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Stallings roars to third place finish at Transitions Championship

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PALM HARBOR, Fla. -- Former Tennessee Tech standout Scott Stallings finished third Sunday in the Transitions Championship, carding a one-under par 70 on his final tour of the Copperhead South Course at Innisbrook. It was the highest PGA finish in the young career of the former Golden Eagle All-American.

Stallings was three strokes back of tourney winner Gary Woodland, who posted a final round 67 to finish with a 15-under-par total of 269. Webb Simpson was second at 270, with Stallings wrapping up play at 12-under-par 272.

A PGA tour rookie, Stallings kept his poise and stayed in the game until the 16th, the toughest driving hole on the Copperhead course with trees to the left and water to the right. Stallings went right into the lake and made double bogey.

He shot a 70 and finished alone in third, which gets him in the Shell Houston Open in two weeks.

"A sponsor exemption changed my year, and I can't thank Transitions enough," Stallings said. "Without them giving me an opportunity to play, there's no way I would have been here. One good tournament completely changed my year."

Stallings had two birdies and two bogeys on the front nine, making the turn at even par for the day and staying at 11-under for the tournament.

He birdied 11, 14 and 15 on the back nine, vaulting him to 14-under and lifting him into a tie for the tourney lead. A double bogey on the par 4, 16th hole knocked him off the pace and he recovered to shoot par on the final two holes to claim his third place finish.

It was the only double bogey in the 72 holes this week for Stallings, who was tied for first in the field for most birdies with 22.

Woodland saved par with a 10-foot putt on the last hole to claim his first U.S. PGA Tour title.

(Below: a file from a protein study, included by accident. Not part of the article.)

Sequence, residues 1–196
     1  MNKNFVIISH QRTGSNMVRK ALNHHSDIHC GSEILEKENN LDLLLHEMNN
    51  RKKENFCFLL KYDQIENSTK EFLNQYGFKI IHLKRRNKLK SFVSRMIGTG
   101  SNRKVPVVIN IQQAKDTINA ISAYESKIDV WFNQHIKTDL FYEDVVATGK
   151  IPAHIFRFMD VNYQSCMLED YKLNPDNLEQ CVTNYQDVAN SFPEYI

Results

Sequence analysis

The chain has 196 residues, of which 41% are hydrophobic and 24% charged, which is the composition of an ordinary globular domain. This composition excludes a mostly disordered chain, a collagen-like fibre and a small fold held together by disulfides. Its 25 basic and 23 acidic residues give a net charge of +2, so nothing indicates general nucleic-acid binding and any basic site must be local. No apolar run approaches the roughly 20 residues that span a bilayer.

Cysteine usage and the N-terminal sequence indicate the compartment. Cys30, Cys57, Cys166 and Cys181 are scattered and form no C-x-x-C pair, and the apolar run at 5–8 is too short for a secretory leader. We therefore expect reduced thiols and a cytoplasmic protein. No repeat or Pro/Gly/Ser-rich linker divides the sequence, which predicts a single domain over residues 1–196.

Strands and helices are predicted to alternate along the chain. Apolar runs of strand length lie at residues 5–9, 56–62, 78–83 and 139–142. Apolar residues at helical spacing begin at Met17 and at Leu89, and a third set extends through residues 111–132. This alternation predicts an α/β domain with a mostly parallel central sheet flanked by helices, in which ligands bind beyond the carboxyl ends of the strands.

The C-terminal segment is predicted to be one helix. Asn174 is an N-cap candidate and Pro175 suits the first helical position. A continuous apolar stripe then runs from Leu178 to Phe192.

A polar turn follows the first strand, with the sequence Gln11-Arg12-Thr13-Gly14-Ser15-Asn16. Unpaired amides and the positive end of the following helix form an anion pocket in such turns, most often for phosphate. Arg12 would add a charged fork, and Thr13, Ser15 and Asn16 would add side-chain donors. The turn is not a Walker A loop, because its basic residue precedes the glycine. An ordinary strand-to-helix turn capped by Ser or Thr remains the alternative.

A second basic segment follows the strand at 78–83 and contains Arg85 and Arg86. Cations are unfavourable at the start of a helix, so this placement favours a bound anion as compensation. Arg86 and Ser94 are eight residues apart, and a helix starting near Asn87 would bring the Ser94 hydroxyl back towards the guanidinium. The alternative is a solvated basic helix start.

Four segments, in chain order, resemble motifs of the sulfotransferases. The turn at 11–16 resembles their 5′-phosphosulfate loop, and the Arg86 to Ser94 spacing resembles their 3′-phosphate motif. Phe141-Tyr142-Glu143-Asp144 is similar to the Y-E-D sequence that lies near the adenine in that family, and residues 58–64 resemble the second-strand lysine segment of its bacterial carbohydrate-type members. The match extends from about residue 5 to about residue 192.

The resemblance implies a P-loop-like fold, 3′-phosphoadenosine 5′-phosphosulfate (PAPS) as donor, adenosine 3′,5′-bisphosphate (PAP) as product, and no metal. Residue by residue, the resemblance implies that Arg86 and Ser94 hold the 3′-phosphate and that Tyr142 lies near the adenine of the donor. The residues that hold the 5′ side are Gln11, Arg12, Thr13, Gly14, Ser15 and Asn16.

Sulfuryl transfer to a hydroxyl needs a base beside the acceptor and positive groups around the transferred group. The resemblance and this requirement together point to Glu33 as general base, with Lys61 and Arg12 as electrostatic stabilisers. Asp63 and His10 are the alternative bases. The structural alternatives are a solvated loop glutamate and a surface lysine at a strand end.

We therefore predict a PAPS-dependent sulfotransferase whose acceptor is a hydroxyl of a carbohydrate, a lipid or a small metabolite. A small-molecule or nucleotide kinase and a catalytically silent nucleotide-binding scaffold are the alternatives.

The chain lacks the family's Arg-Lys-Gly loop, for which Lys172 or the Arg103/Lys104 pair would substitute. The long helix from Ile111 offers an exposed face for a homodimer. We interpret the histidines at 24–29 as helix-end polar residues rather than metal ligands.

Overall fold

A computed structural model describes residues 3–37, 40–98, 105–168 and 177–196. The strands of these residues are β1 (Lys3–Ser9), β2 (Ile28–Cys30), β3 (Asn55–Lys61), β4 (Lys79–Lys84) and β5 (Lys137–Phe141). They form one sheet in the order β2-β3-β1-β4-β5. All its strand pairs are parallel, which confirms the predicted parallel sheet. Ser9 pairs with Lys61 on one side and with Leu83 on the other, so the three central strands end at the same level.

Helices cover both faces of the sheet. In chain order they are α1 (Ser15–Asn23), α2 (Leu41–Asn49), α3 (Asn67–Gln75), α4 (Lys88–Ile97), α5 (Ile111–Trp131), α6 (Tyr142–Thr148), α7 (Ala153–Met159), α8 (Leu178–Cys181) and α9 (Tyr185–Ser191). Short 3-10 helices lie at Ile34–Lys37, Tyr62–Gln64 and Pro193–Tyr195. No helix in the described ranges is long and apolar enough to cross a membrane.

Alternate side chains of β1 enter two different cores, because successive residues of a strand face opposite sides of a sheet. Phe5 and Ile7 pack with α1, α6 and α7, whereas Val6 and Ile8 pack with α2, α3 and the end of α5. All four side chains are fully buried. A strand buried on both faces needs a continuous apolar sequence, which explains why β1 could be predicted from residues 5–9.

Woodland, who earlier this year lost a playoff at the Bob Hope Classic, tied for fifth at Phoenix and tied for sixth at the Honda Classic, made all 17 putts he had from within 20 feet during the pressure-packed final round.

"I was struggling with the golf swing today. I think the adrenaline got the most of me all day," said Woodland. "But the one thing that has really helped me in my career has been the putting and today it saved me. It won me a golf tournament."

Woodland's dramatic par at the 18th was his only par on a rollercoaster last nine for the winner, who posted five birdies and three bogeys from the 10th.

A tightly-packed leaderboard gave way to a late duel between Woodland, 26, and the 25-year-old Simpson, who was tied for the lead as he played the 18th.

Simpson hit his tee shot in the left fairway bunker and his second shot through the green about 50 feet from the cup, close to where Woodland had been in the group before.

His strong chip ran 20 feet past the hole and Simpson missed the par putt that would have forced a playoff, killing his shot at capturing his maiden Tour victory.

"Just one shot short is tough because you're here four days and you work so hard. This opportunity comes not that often, so I'm a little disappointed," said Webb, whose previous best finish had been a tie for fourth last year in Las Vegas.

"But I'm sure looking back I'll learn a lot from it and hopefully have many opportunities to win again."

The top four spots all went to Americans.  Stallings was third on 272, with Brandt Snedeker (70) another stroke away.

Third-round leader Justin Rose of Britain, who floundered with four bogeys in a row from the seventh, shot 74 and was in a group of six on 274 that also included compatriot Martin Laird (70) and Brendon de Jonge of Zimbabwe (73).

"I felt really in control the beginning of the round," said Rose. "Kind of a case of I didn't really get anything out of the first six, seven holes. I hit a lot of good putts, burned a lot of edges early.

"I just seemed to lose my focus."

De Jonge, also gunning for his first U.S. PGA Tour title, was tied for the lead at 14 under par before going into a tailspin with four bogeys over the last seven holes.

Information for this story provided by PGA Tour and Reuters